Bradley Seth McNew has no position in any stocks mentioned. The Motley Fool has no position in any of the stocks mentioned. Try any of our Foolish newsletter services free for 30 days. We Fools may not all hold the same opinions, but we all believe that considering a diverse range of insights makes us better investors. The Motley Fool has a disclosure policy.

Money to your ears - A great FREE investing resource for you

The best way to get your regular dose of market and money insights is our suite of free podcasts ... what we like to think of as “binge-worthy finance.”

Feb 1, 2016 at 5:03PM

Whether we're in the midst of earnings season or riding out the market's lulls, you want to know the best strategies for your money.

And you'll want to go beyond the hype of screaming TV personalities, fear-mongering ads, and "analysis" from people who might have your email address ... but no track record of success.

In short, you want a voice of reason you can count on.

A 2015 Business Insider article titled, "11 websites to bookmark if you want to get rich," rated The Motley Fool as the #1 place online to get smarter about investing.

And one of the easiest, most enjoyable, most valuable ways to get your regular dose of market and money insights is our suite of free podcasts ... what we like to think of as "binge-worthy finance."

Whether you make it part of your daily commute or you save up and listen to a handful of episodes for your 50-mile bike rides or long soaks in a bubble bath (or both!), the podcasts make sense of your money.

And unlike so many who want to make the subjects of personal finance and investing complicated and scary, our podcasts are clear, insightful, and (yes, it's true) fun.

Our free suite of podcasts

Motley Fool Money features a team of our analysts discussing the week's top business and investing stories, interviews, and an inside look at the stocks on our radar. The show is also heard weekly on dozens of radio stations across the country.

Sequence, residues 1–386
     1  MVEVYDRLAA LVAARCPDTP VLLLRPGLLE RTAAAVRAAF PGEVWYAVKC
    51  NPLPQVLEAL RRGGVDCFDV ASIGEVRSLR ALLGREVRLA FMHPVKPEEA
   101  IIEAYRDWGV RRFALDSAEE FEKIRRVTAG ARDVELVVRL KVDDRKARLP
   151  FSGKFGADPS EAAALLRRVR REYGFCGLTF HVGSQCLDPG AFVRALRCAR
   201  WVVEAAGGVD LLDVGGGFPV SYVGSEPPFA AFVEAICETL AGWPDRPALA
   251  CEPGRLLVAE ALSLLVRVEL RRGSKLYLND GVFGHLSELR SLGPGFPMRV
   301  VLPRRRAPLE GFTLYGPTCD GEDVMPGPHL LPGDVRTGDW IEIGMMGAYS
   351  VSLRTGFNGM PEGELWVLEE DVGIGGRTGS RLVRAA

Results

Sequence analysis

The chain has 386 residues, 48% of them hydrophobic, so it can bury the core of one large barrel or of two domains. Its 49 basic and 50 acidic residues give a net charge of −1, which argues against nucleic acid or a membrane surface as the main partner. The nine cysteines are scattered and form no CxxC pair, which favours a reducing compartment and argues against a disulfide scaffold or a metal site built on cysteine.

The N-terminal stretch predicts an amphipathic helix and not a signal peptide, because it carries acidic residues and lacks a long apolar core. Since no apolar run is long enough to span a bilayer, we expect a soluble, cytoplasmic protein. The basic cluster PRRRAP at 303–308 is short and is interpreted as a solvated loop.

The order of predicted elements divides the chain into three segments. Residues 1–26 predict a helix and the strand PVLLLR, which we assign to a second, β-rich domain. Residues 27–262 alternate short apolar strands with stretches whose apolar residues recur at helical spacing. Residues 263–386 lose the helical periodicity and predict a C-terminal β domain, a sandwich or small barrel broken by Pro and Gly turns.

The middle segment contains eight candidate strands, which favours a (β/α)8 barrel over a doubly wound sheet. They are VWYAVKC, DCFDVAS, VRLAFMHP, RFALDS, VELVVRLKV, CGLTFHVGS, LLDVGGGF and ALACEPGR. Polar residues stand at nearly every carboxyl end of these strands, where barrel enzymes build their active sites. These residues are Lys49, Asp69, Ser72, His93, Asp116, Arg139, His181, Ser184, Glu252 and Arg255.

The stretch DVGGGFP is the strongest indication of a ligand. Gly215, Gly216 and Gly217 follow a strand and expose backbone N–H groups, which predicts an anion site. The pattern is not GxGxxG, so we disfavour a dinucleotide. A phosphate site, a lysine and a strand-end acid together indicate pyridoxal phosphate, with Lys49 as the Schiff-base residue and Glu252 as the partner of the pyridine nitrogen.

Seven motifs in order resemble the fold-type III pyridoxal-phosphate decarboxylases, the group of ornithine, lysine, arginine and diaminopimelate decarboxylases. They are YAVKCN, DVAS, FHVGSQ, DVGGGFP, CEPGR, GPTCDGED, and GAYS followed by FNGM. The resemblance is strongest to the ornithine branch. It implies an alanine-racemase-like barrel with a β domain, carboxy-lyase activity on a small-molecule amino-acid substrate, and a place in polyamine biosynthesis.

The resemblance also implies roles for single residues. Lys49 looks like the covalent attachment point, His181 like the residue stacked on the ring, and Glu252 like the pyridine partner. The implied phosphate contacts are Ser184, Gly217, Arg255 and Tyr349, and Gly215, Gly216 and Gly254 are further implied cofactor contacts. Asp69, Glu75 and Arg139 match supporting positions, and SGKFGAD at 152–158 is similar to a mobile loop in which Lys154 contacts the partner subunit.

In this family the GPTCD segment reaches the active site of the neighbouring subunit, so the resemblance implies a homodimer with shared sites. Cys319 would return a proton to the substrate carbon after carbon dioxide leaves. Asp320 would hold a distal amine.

The hosts of Motley Fool Answers challenge the conventional wisdom on life's biggest financial issues to reveal what you really need to know to make smart money moves.

David Gardner, co-founder of The Motley Fool, is among the most respected and trusted sources on investing. And he's the host of Rule Breaker Investing, in which he shares his insights into today's most innovative and disruptive companies ... and how to profit from them.

Market Foolery is our daily look at stocks in the news, as well as the top business and investing stories.

And Industry Focus offers a deeper dive into a specific industry and the stories making headlines. Healthcare, technology, energy, consumer goods, and other industries take turns in the spotlight.

They're all informative, entertaining, and eminently listenable. Rule Breaker Investing and Answers are timeless, so it's worth going back to and listening from the very start; the other three are focused more on today's events, so listen to the most recent first.

All are available for free at www.fool.com/podcasts.

If you're looking for a friendly voice ... with great advice on how to make the most of your money ... from a business with a lengthy track record of success ... in clear, compelling language ... I encourage you to give a listen to our free podcasts.

Head to www.fool.com/podcasts, give them a spin, and you can subscribe there (at iTunes, Stitcher, or our other partners) if you want to receive them regularly.

It's money to your ears.

 


Compare Brokers